Maggie Germano 52:09
I totally agree. Thank you. That’s really, really good advice. And and I think just to highlight a piece that you said is that it it’s a living and breathing agreement that can be revisited and changed whenever needed because we can’t be too strict and stringent on those sorts of agreements because things change, life changes. We have unprecedented global pandemics and, you know, we need to like be flexible in that kind of way. So, anything else you want to say to folks before I let you go?
Rachel Wynn 52:45
Yeah, I would just say that this is just a huge topic because you know, at face level, it might seem like women are just whining about XYZ. I think a lot of judgment comes when there are women who stay at home and who are feeling overwhelmed because, like, let’s be real, like running a household is a job in itself, just like alone. Like, like what I’m doing right now I’m like running a household. I’m actually am the household manager. And then David is the sub manager. So I am the visible labor hub. And we agreed on that. But that what that meant, though, is that anytime I delegate something kind of an incoming task to him, so something beyond the recurring task, he willingly and graciously accepts that, because I’ve put in the work to identify that task. But um, you know, I think that it just is really hard when, when people might say, well, she’s a stay at home mom, like she has so much time and she does all these, you know, she’s fine. It’s like, No, she’s not fine. Do you have any idea like, how much it takes to keep a small child especially like, alive and not, you know, injure itself like they move so quickly. And so I think that the good thing about this pandemic is that it’s really exposing what it’s like to be a stay at home parent and I’m hoping that enough men are like looking at their partners if you know their stay at home, or they work part time or full time and just be like, wow, like my partner is a super woman, like, I can’t believe she does all this stuff and remembers to like, buy toilet paper when it’s in stock. Like, it’s just like, wow, like women are freaking superheroes. Um, and so I think just recognizing blessing, I guess I just want to say is just recognizing that, in my personal opinion, childcare and household care are two separate full time jobs. And I think that needs to be considered when you’re coming up with this division of labor. So, that’s what I would say. But I just I’m glad we had this conversation because I think that this topic has becoming has become more and more talked about and identified, especially with the pandemic. And so, my hope is that people will just talk about it, talk about it with their partners talk about it with their friends. I’m constantly surprised how many people have never heard of this concept. I mean, I think people ultimately know the feeling of feeling overwhelmed and things but I just want more people to learn about this topic so that it can be a thing. And then it can be fixed by our society, but on the smaller level and the day to day lives of, you know, people in two person households.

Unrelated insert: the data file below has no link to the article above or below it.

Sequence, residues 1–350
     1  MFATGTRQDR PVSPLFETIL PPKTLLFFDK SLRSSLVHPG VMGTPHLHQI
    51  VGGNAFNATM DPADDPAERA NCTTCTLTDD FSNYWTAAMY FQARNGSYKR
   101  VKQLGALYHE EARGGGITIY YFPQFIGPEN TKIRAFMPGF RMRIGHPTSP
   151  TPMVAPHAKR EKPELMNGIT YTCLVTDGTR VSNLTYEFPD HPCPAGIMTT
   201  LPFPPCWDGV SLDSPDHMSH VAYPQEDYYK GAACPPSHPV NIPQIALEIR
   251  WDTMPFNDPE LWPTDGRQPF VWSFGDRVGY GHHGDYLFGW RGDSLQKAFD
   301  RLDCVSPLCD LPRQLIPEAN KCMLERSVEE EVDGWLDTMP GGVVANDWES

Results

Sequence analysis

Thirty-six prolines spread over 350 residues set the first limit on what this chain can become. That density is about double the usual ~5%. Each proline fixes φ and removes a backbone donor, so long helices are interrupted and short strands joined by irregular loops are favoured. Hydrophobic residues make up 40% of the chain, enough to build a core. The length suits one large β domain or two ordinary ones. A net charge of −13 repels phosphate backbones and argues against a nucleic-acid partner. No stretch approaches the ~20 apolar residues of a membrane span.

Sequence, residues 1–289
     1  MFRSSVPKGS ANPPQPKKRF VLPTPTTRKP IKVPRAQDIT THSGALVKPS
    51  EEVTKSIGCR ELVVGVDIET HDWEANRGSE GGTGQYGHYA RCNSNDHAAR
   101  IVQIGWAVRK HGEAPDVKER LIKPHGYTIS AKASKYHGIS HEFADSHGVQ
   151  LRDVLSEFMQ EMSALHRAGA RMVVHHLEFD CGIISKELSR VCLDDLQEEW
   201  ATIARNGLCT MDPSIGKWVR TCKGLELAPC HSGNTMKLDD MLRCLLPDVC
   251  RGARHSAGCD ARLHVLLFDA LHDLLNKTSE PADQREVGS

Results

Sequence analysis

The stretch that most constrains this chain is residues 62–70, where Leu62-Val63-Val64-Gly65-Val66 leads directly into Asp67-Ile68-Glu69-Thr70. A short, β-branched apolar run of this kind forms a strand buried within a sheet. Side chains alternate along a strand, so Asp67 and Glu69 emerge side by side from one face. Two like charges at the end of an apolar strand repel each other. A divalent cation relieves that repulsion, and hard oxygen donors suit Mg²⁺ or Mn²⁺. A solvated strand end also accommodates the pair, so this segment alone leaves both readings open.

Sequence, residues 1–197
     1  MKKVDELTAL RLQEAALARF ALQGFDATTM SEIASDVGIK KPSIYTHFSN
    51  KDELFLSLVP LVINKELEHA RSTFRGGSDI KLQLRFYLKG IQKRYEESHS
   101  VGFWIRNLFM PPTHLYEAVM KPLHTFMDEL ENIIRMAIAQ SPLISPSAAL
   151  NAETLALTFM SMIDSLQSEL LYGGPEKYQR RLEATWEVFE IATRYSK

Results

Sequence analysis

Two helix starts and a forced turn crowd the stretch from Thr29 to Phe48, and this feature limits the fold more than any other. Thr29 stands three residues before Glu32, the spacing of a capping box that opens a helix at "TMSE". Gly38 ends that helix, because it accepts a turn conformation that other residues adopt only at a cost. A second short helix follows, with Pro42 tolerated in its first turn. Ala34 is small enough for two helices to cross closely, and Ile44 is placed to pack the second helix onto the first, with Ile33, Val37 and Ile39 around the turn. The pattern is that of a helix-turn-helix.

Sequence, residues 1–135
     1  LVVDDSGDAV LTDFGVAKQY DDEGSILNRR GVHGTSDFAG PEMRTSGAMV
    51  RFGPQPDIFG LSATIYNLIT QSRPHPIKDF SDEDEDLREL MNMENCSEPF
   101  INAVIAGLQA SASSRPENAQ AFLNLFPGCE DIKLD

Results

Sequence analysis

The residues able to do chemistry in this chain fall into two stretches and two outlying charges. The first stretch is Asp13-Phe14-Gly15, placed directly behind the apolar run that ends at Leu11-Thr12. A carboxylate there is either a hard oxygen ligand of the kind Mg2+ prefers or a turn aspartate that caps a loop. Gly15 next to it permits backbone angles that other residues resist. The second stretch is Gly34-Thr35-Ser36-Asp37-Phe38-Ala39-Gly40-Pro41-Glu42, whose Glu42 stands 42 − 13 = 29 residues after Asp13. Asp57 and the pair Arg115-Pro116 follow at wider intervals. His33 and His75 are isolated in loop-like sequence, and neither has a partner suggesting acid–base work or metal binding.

Maggie Germano 55:14
Thank you. I totally agree with you there too. So how can people follow along with the work you’re doing or get in touch with you?
Rachel Wynn 55:22
Yeah, that’s a great question. And so you can go visit feministfounder.com I can also be found online, @feministwynn everywhere, and that’s feminist and then my last name, so it’s w y, as in yellow is a Nancy and Nancy. And yeah, definitely. I think if you want to learn more about this or you want to book a session, or just learn more, you can also go to feministfounder.com/invisiblelabor, just one word, no hyphen, and learn more about this topic there and decide if you want to get some help to just kind of get things in order because I know this is a really overwhelming time for everyone, not just mothers or women, but for everybody. So if there’s anything I can do to help create some more peace in a household, I think that would be great. It’s just fulfilling work because it’s important work.
Maggie Germano 56:16
I agree. And I’m glad that you’re doing it. And I’m sure the more people and the more couples that are working with you one on one to kind of get that guidance to because I think it can be hard to know where to start with some of these things. And having a third party often takes some of the accusation and frustration out of the conversation. So I hope plenty of people reach out to you to get that support.
Rachel Wynn 56:40
Yeah, that’d be fun. And I’ll probably have data pricing for at least a couple months. So get in on that soon.
Maggie Germano 56:46
Great. Yes, and I will link to all of that in the show notes. And I’ll link to you gave us a ton of really great resources as well and also I’ll be linking to all of those. But thank you so much for coming here. This is a topic we both obviously feel very strongly about. And I think that affects a whole lot of people throughout the country in the world. And we, you know, it’s good to do what we can to try to push it in the right direction.
Rachel Wynn 57:10
Exactly. Just bring this topic to lights that we can, you know, shine on it and then break it and then fix it. Exactly. Thanks, Maggie, bye.
Maggie Germano 57:20
Thank you so much for listening to the money circle podcast this week. If you like the conversations we’re having here and you’d like to go even deeper. Join the new money circle community. In this safe intersectional feminist space. We will break down money shame and build community and safety for everyone so that you can find the support you need to gain control over your finances. Visit Maggie germano.com slash money circle to learn more. And to join. If you’d like to get more connected with me, subscribe to my weekly newsletter at Maggie germano.com slash subscribe. To learn more about my financial coaching services might be And workshop offerings or just to read my blog visit Maggie germano.com. You can also follow me on instagram and twitter at Maggie Germano. I look forward to hearing from you. Bye bye